Dutch University Grows Bananas To Help Stamp Out Soil-Borne Disease
University Wageningen has harvested the first crop of bananas grown on coco peat and rock wool as part of a research programme intended to protect the fruit from a fungus that endangers production throughout the world
Bananas are a basic food for millions of people in the tropics and the most consumed fruit in the world. The Fusarium fungus contaminates soil and cannot be subdued, the soil-borne fungal disease threatens banana production throughout south-east Asia. Taking the banana trees out of the soil and growing them on stone wool appears to have been very successful solution.
The university grew 60 banana plants in its greenhouses on coco peat and rock wool, avoiding the threat of the soil-borne fungus. The banana plants grew very well with only an application of a nutrient solution. Growing the banana in an artificial medium allows for the nutrients the plants receive to be custom-made according to their needs, and cuts down on nutrient losses through leakage, according to the university website.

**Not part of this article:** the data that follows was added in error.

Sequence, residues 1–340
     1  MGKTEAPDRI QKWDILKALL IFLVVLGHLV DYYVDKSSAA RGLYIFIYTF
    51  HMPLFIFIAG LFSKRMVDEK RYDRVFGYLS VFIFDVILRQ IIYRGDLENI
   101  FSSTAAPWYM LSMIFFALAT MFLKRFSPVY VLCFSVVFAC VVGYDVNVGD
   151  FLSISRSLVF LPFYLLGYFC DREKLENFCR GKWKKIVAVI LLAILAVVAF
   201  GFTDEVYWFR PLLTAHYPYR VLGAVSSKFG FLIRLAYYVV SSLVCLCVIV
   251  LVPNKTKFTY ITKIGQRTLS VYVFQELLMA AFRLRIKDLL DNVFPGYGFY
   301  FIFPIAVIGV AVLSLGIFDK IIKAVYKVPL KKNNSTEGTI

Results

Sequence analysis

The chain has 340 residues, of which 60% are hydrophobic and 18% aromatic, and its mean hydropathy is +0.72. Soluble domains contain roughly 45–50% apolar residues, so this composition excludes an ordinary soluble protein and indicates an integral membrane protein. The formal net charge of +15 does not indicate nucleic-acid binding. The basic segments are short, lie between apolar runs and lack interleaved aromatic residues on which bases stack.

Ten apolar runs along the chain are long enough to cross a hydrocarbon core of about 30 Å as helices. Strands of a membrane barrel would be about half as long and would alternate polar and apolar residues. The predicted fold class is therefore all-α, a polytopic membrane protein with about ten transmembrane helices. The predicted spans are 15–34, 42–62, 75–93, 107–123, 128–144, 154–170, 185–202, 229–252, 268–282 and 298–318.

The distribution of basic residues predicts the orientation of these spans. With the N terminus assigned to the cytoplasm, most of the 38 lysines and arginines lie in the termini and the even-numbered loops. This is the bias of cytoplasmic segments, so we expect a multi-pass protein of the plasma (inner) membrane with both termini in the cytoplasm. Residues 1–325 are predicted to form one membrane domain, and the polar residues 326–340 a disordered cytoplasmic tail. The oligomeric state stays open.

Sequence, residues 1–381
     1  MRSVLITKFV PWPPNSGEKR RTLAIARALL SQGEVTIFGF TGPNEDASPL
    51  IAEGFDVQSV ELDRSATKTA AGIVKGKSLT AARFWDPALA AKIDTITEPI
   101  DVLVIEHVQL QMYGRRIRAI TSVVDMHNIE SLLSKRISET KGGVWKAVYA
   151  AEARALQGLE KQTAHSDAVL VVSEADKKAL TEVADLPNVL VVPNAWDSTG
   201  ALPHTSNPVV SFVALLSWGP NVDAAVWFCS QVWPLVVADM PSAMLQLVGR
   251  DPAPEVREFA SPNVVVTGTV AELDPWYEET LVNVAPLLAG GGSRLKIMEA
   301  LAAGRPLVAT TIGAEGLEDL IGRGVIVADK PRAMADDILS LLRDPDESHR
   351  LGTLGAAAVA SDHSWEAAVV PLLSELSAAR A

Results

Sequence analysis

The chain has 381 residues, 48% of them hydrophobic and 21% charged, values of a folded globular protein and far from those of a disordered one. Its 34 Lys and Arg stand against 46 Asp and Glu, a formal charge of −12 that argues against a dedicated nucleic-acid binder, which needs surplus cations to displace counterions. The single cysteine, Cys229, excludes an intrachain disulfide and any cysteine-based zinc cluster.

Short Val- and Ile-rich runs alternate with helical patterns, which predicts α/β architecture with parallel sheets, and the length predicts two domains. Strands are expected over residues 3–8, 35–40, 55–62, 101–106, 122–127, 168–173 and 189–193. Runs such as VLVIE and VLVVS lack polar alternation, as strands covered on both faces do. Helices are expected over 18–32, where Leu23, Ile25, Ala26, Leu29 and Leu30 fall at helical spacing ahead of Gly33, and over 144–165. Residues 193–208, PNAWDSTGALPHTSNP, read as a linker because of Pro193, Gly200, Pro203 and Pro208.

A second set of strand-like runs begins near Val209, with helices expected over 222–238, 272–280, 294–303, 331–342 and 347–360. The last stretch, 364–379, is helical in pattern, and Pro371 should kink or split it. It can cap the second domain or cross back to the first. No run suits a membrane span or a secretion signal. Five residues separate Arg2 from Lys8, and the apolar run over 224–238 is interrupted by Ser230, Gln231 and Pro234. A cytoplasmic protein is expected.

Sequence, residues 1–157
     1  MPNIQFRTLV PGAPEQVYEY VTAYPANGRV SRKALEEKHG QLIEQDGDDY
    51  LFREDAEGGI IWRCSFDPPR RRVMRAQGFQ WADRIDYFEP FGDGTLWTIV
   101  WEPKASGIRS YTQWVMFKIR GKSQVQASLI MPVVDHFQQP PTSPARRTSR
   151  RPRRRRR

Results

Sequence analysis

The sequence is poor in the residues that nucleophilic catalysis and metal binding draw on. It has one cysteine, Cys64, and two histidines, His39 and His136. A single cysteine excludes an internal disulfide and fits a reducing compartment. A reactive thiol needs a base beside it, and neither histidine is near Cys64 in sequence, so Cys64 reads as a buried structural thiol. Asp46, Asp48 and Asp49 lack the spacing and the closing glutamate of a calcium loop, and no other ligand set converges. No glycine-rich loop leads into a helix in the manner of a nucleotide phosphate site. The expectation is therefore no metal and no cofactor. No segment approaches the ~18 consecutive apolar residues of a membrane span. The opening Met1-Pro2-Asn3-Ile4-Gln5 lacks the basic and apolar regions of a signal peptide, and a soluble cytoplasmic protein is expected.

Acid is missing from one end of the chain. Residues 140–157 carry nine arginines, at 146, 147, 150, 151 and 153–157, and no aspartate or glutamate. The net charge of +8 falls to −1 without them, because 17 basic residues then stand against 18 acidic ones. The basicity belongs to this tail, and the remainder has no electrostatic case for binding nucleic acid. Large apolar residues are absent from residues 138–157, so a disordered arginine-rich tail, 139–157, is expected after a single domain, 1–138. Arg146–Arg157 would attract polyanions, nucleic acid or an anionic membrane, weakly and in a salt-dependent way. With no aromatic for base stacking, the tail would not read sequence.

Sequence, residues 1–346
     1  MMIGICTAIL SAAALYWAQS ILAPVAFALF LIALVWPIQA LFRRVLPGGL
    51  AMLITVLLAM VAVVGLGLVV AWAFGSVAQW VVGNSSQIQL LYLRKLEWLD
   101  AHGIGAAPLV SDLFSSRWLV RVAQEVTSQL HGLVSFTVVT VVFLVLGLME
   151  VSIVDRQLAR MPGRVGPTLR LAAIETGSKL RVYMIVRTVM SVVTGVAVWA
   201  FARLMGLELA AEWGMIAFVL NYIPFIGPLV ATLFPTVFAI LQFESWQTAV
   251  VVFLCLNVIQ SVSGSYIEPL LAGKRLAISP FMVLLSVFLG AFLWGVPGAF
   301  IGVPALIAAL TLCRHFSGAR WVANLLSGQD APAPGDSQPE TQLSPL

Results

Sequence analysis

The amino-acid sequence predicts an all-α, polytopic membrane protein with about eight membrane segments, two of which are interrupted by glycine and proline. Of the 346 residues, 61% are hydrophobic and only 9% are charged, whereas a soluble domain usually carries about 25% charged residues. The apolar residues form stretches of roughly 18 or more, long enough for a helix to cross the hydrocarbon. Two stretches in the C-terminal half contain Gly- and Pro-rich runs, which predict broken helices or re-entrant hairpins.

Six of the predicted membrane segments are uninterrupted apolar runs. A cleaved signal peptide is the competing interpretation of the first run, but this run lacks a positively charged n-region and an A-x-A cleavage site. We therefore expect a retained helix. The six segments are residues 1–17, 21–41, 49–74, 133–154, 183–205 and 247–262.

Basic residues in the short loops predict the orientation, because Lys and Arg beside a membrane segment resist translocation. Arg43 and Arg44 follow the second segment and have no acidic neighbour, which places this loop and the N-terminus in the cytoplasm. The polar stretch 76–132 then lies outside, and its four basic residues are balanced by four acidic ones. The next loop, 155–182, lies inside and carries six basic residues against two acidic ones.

The Dutch bananas do not need disease control, which makes cultivation more sustainable than in conventional production areas.
After harvesting, the Wageningen bananas are moved to a ripening centre operated by the Swiss-owned banana producer Chiquita, which is involved in the project along with several local companies.
New sustainable breeds of bananas are in development that will be resistant to diseases and grown in healthy soils in a responsible social climate according to Gert Kerma, professor of tropical plant pathology at the university.
The research team is also planning a trial in the Philippines to see how precision cultivation works under ideal conditions.